'You can Google it': Security experts raise alarm over online drone-hacking instructions
Manuals on hacking military drones have been available online for quite some time, apparently. Research spotting weaknesses is alarmingly commonplace, an Israeli defense specialist warns, citing its possible use in the 2011 downing of a CIA drone by Iran.
Drones have become a ubiquitous tool for war. They save on costs, prevent soldiers from dying in battle and can perform a number of functions. But with this ubiquity comes many risks, and there’s increasingly little stopping malevolent entities from exploiting these.
The manual called ‘The Requirements for Successful GPS Spoofing Attacks’ was published in 2011, just a month before the fact [of the drone’s downing], according to Israel Aerospace Industries cyber-programs director Esti Peshin, who spoke on Monday at the Defensive Cyberspace Operations and Intelligence conference in Washington DC.
"It’s a PDF file… essentially, a blueprint for hackers," Peshin said of the paper, co-authored by Nils Ole Tippenhauer from ETH Zurich in collaboration with University of California academics and others at ETH.
Although, according to the official, there’s no way to tell if the manual’s publication played a direct role in the shooting down four years ago, Peshin says the 2011 study could have played a role. The story of Iran’s efforts to take over the drone was reported by the Christian Science Monitor, which outlined techniques eerily similar to ones described in the ‘manuals’ Peshin spoke of. This aptly demonstrates how easy a target UAVs are in the computer age. All the Iranians had to do was hijack the drone’s navigation systems and guide it down to Earth.
The hack involved fooling the drone by making its onboard GPS lose sight of GPS receivers on the ground. The study also focused on where attackers must position themselves to generate fake signals and fool the drone into thinking it’s flying in the right direction.
"You can Google, just look up 'Tippenhauer' – it’s the first result in Google. Look up 'UAV cyberattacks’ – it’s the third one. ‘UAV GPS spoofing attacks’ – the first one," she added.
The authors of the study claimed it wasn’t a manual for terrorists, rather a way of drawing authorities’ attention to “effective receiver-based countermeasures, which are not implemented yet in current standard GPS receivers.”
But Peshin says that’s no excuse, as intent doesn’t matter when you’re practically giving someone a loaded gun that begs to be fired.
"The fact is that we are slower than the bad guys and the bad guys could take this article and render it into a form of an attack," Peshin went on. "One of the things that keeps me up at night is cybersecurity for operational networks, military systems, weapons systems."
Peshin is astonished at the United States’ short-sightedness. A security assessment by NATO came out in 2013, listing which drones are “riskier than others.” Making the list were the American Reaper and Sentinel UAVs, each a formidable piece of equipment in its own right.
Reporters at the conference asked if any security measures had been implemented after the 2011 report’s release, with Peshin declining to comment. However, the Pentagon is known to be hard at work on bolstering its drone navigation and surveillance defenses, according to Defense One.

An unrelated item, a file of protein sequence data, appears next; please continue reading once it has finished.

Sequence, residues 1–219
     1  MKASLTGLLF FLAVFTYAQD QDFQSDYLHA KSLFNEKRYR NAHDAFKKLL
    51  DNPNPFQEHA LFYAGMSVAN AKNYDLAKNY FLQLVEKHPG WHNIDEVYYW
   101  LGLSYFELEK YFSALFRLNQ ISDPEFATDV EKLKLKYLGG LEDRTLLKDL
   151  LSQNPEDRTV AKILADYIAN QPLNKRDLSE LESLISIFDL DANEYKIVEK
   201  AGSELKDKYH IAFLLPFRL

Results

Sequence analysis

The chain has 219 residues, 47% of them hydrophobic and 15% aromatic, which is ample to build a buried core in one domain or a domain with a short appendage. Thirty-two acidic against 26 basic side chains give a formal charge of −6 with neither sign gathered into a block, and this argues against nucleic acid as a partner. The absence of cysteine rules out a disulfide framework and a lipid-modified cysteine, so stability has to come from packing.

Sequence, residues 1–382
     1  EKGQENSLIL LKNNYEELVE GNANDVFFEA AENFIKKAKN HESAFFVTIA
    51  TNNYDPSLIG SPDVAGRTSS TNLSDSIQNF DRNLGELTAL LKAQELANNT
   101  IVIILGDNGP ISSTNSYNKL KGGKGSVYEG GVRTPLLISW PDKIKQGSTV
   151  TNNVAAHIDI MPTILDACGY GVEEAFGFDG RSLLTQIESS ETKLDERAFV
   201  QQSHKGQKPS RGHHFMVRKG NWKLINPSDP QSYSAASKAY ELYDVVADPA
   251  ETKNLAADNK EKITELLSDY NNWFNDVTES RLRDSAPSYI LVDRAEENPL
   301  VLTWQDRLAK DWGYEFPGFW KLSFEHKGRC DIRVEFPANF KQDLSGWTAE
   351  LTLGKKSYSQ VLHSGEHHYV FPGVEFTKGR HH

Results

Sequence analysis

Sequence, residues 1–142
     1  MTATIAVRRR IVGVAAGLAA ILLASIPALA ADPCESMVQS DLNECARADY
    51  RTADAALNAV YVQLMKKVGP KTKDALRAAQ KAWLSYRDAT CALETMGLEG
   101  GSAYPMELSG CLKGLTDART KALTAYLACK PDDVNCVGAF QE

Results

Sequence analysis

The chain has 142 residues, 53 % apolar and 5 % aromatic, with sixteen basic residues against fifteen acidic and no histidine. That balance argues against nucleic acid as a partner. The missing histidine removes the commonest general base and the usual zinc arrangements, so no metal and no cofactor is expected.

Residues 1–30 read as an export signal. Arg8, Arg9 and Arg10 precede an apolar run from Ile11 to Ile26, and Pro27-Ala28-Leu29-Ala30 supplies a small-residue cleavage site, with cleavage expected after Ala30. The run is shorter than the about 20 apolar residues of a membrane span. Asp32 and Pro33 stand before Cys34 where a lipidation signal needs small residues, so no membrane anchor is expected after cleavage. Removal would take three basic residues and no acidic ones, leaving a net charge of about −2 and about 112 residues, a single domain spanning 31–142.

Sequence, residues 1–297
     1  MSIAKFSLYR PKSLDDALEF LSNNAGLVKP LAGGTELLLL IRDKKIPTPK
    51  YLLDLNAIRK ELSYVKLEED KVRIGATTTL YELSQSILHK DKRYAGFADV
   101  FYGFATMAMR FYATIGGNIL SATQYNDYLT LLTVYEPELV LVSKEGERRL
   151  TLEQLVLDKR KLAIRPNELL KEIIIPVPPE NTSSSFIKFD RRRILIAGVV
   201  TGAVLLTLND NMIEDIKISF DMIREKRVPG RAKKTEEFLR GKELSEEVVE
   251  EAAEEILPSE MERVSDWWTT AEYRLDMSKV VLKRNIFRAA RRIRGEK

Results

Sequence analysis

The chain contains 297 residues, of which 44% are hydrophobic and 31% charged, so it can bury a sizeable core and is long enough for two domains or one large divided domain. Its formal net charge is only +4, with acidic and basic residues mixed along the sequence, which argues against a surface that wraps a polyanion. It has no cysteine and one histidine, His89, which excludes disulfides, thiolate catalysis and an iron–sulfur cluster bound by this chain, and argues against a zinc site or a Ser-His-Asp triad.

But the 2011 report is only the latest in a series of warnings, if they are to be considered as such: the problem of GPS-hijacking was discussed way back in a Los Alamos National Laboratory vulnerability report of 2003. “In a sophisticated spoofing attack, the adversary would send a false signal reporting the moving target’s true position and then gradually walk the target to a false position," the authors said, prophetically.
This seemingly dire situation is exacerbated by the fact that much of the infrastructure used to run the deadly machines is outdated, as security expert Marc Rogers explains. “Don’t want to trivialize it, it is actually quite a sophisticated hack, but so long as somebody supplies you with equipment and instructions, anyone can do it,” he told RT.
It will cost the criminal some $2,000-3,000 for the equipment, Rogers explained. Once they gain control, as in the Iranian case, the UAV can be reverse-engineered and another one can be built using the blueprint. “Or, if they want, they can just take it and use it,” Rogers adds.
As he goes on to explain, the old infrastructure used in today’s navigation “doesn’t have protection. And so you can’t put protection on one thing – and not the other. And it will be too expensive to replace all of that infrastructure. So there’s always going to be things that are old and weak… we should start thinking about the big picture, because, by the time someone… uses something like this to interfere with an airplane, the catastrophe will mean it’s too late.”
The tumult over military drone security comes at a time of increasing drone concerns elsewhere. They’re becoming incredibly common among civilians, and very serious surveillance equipment is being sold in shops, practically packaged as toys. But this veneer doesn’t fool privacy advocates and people that have been scrutinizing the drone issue – a reworking of all laws and regulations relating to drones (not just cybersecurity) is currently being worked on.